Charlotte-area home prices posted a second month of declines, but the market remains one of the nation's strongest and showed a glimmer of hope, according to a popular index released Tuesday.
Prices inched down 0.2 percent for the 12 months through May, according to the S&P/Case-Shiller Home Price Index.
That was, by far, the smallest decline and well below the record drop of nearly 16 percent for the 20 major urban markets studied.
Last month, Charlotte ended a three-month stretch as the only market where values were rising compared with a year ago.
One possible bright spot: May marked the third consecutive month in which Charlotte prices rose slightly when compared with the previous month. Typically, the longer period is more valid for comparisons. However, month-to-month changes can be useful in spotting trends, said David Blitzer, a managing director with Standard & Poor's.
The three small upticks don't herald a turnaround, he said, “but it is very slightly encouraging.”
Nationwide, housing prices have been battered by high foreclosure levels, a glut of available housing and a weak economy.
Tighter lending standards and higher mortgage interest rates also have made it harder for people to buy houses. And many buyers are waiting, hopeful that better bargains might yet come.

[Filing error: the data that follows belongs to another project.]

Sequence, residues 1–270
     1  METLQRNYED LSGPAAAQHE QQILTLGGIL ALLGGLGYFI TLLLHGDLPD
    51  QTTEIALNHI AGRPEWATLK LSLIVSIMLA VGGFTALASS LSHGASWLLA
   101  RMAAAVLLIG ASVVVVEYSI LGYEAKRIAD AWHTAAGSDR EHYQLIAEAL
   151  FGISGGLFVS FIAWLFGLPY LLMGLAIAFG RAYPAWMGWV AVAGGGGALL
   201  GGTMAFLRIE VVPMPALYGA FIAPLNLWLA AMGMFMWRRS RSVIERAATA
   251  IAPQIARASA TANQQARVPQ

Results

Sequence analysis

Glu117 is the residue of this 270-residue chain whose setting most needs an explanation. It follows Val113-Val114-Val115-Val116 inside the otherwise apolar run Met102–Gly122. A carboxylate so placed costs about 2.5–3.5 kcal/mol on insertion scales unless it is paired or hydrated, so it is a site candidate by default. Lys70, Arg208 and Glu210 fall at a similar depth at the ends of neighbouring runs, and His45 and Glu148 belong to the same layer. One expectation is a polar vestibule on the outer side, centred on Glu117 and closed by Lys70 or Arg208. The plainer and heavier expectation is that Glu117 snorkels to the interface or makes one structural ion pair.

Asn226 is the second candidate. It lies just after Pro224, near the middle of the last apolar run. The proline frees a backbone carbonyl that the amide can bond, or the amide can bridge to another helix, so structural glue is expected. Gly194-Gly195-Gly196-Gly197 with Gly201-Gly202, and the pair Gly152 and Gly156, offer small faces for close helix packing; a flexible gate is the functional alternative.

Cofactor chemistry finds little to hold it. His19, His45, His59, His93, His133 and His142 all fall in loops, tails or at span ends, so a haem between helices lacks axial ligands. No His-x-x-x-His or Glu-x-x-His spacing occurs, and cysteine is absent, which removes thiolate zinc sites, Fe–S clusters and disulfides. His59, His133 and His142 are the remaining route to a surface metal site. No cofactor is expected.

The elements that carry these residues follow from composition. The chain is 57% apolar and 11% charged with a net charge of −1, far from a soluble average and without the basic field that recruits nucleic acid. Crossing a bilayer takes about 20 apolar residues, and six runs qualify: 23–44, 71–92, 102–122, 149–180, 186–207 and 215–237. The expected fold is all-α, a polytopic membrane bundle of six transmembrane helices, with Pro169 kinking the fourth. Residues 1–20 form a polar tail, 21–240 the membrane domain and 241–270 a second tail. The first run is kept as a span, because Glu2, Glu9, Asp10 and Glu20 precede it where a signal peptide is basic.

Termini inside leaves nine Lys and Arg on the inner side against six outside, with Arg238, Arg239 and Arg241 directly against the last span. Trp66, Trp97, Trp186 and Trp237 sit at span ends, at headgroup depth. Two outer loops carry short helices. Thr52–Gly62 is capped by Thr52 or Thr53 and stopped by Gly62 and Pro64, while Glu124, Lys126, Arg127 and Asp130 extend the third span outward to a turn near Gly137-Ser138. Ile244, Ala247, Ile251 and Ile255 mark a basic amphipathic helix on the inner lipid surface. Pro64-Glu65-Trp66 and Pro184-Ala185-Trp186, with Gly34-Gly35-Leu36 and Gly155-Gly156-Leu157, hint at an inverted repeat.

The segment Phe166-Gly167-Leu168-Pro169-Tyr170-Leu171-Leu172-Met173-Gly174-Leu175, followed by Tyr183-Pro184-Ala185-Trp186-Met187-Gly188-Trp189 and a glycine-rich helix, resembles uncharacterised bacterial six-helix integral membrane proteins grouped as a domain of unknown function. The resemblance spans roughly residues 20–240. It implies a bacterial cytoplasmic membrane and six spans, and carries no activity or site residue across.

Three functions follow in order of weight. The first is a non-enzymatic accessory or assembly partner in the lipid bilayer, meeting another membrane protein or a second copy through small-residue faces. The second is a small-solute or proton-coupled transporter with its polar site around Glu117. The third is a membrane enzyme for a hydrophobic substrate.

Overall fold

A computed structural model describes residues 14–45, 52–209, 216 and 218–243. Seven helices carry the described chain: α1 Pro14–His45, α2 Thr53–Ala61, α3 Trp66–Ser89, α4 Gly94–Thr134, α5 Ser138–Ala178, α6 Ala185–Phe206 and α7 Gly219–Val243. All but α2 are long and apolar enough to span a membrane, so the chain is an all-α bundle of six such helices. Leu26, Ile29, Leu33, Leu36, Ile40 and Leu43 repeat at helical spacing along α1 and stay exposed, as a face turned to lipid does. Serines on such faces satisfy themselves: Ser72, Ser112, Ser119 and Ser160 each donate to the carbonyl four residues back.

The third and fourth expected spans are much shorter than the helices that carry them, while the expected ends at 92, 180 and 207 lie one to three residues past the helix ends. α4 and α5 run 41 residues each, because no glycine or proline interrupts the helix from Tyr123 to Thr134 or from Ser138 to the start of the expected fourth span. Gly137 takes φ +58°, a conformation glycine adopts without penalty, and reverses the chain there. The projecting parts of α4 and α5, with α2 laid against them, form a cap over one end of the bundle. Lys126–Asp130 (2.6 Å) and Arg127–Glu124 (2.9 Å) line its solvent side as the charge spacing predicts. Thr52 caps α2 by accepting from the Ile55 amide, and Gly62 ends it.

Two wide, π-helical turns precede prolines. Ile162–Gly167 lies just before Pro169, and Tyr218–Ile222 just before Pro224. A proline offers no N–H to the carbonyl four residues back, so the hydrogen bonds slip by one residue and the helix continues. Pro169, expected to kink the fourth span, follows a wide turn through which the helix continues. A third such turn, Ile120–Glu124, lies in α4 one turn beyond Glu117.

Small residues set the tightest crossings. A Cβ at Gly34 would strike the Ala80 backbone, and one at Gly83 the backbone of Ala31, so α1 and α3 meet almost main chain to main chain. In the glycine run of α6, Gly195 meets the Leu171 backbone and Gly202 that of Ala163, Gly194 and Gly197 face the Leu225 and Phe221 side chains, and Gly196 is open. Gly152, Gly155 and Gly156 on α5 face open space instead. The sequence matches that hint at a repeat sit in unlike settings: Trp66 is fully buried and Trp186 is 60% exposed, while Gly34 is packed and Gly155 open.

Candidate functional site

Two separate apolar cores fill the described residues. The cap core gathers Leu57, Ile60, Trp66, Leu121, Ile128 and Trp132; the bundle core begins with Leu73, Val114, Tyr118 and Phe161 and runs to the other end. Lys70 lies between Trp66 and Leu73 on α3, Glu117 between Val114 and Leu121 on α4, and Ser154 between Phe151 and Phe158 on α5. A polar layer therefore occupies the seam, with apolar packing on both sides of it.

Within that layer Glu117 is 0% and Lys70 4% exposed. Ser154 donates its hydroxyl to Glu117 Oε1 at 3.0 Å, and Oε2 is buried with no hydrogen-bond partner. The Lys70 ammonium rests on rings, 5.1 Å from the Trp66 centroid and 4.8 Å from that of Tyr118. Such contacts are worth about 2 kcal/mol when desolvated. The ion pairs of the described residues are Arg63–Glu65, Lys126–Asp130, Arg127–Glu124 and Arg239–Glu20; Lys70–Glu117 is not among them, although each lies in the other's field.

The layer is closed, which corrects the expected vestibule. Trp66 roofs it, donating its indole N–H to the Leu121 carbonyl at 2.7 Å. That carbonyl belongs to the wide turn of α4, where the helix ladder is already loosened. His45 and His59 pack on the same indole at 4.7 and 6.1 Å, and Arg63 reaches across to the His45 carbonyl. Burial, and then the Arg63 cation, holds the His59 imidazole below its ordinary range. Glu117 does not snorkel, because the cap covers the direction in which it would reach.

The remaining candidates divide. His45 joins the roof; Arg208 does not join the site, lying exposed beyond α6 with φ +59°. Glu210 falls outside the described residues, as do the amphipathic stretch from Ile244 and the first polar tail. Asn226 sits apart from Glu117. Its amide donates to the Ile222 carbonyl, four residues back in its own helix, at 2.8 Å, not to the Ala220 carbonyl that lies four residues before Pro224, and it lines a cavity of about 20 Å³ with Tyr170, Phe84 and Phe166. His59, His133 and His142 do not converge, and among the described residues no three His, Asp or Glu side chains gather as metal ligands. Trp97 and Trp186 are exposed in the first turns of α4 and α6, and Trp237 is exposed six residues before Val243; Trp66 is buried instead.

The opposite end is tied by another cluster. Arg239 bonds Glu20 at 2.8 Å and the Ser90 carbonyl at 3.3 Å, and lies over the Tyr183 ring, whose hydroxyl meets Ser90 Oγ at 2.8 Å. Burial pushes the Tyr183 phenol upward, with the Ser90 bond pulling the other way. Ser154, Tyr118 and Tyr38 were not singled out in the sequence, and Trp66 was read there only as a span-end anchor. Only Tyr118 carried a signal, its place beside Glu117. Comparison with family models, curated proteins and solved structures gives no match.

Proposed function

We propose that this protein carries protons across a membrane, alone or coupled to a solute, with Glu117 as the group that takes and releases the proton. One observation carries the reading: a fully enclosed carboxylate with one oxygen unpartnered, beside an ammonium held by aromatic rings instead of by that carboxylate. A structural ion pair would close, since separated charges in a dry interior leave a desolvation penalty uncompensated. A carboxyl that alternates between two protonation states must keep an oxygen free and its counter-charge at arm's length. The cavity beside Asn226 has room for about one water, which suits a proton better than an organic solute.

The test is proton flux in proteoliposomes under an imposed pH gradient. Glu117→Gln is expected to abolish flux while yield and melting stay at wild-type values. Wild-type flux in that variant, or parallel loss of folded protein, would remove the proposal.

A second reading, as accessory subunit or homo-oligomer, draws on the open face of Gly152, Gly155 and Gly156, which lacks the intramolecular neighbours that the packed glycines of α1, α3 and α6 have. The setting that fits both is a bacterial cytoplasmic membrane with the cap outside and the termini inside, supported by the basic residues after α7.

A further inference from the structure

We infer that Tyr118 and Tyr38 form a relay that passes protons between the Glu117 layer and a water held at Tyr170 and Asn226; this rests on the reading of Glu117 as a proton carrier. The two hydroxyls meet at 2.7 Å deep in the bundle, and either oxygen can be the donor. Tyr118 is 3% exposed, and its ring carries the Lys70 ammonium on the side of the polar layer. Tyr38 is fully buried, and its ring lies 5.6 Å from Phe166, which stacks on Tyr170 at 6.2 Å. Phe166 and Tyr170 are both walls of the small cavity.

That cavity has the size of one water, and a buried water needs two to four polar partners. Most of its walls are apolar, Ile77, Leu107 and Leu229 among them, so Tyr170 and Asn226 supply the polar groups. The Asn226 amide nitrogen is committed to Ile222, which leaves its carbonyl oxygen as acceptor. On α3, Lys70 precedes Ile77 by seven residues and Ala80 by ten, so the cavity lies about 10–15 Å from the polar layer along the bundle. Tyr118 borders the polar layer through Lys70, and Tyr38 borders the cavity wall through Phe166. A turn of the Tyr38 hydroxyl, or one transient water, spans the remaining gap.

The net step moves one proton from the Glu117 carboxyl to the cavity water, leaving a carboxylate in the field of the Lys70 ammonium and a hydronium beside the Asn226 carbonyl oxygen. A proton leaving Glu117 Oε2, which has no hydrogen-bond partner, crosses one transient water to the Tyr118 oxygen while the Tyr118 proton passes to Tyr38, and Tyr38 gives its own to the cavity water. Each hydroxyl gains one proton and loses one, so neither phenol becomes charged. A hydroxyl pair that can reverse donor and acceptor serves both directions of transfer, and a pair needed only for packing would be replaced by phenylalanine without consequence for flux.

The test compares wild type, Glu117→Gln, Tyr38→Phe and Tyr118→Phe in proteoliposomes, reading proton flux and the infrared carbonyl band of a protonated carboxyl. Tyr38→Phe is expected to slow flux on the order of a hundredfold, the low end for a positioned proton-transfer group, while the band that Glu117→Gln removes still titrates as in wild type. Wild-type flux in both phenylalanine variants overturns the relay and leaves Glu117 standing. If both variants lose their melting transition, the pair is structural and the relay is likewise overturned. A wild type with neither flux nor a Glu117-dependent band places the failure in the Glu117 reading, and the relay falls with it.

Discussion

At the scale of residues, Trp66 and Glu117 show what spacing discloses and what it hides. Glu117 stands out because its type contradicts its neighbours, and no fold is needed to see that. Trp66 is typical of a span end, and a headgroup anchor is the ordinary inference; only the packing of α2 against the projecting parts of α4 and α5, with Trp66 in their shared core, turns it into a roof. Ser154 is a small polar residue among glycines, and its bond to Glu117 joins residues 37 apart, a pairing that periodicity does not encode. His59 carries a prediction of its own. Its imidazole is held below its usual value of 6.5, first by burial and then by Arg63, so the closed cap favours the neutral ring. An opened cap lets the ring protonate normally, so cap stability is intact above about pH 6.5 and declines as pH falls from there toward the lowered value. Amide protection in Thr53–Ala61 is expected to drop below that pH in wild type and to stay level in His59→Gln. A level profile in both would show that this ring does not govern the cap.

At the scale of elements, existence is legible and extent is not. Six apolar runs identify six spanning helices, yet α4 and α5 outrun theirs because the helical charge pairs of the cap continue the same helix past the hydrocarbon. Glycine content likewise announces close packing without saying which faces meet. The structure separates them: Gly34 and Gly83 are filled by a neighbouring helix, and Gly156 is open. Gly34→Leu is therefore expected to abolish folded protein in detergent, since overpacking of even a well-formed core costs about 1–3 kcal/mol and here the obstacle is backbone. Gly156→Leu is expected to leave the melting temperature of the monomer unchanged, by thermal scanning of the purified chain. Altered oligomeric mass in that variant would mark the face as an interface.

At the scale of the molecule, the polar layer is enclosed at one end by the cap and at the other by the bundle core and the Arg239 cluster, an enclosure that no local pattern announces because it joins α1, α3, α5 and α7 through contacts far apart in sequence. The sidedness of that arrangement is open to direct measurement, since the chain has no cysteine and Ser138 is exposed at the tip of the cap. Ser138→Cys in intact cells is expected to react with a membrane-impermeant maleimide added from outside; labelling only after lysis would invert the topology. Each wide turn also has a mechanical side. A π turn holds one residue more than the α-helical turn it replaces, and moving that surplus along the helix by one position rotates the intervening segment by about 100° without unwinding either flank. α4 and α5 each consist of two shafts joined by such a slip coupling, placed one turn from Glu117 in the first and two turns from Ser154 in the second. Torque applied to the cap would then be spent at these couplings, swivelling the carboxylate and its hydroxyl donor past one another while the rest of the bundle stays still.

The Charlotte area experienced more modest price growth during the frantic housing market of a few years ago and so has not been hit as hard by declines.
However, the decline in the region's new home construction and home sales has been outpacing national rates this year as the housing downturn takes root. The downturn began about a year later in Charlotte than elsewhere.
The index's biggest drops continue in bubble markets where prices shot up and so have had further to fall. Las Vegas led the declines, at 28.4 percent with Miami a close second at 28.3 percent.
Others falling 20 percent or more compared with a year ago were Los Angeles, Phoenix, San Diego, San Francisco and Tampa, Fla. Charlotte is the only Carolinas market in the index.
The index measures changes in values for existing homes but does not report prices. Another measure shows similar price fluctuations.
In the second quarter, the Charlotte area's median sales price for all types of new and existing houses fell 1 percent from the April-June period in 2007, to $184,000, according to Market Opportunity Research Enterprises.
Prices for existing single-family homes, which account for 60 percent of sales, fell 4 percent to a median of $165,000, according to the Rocky Mount firm, which tallies data from public records.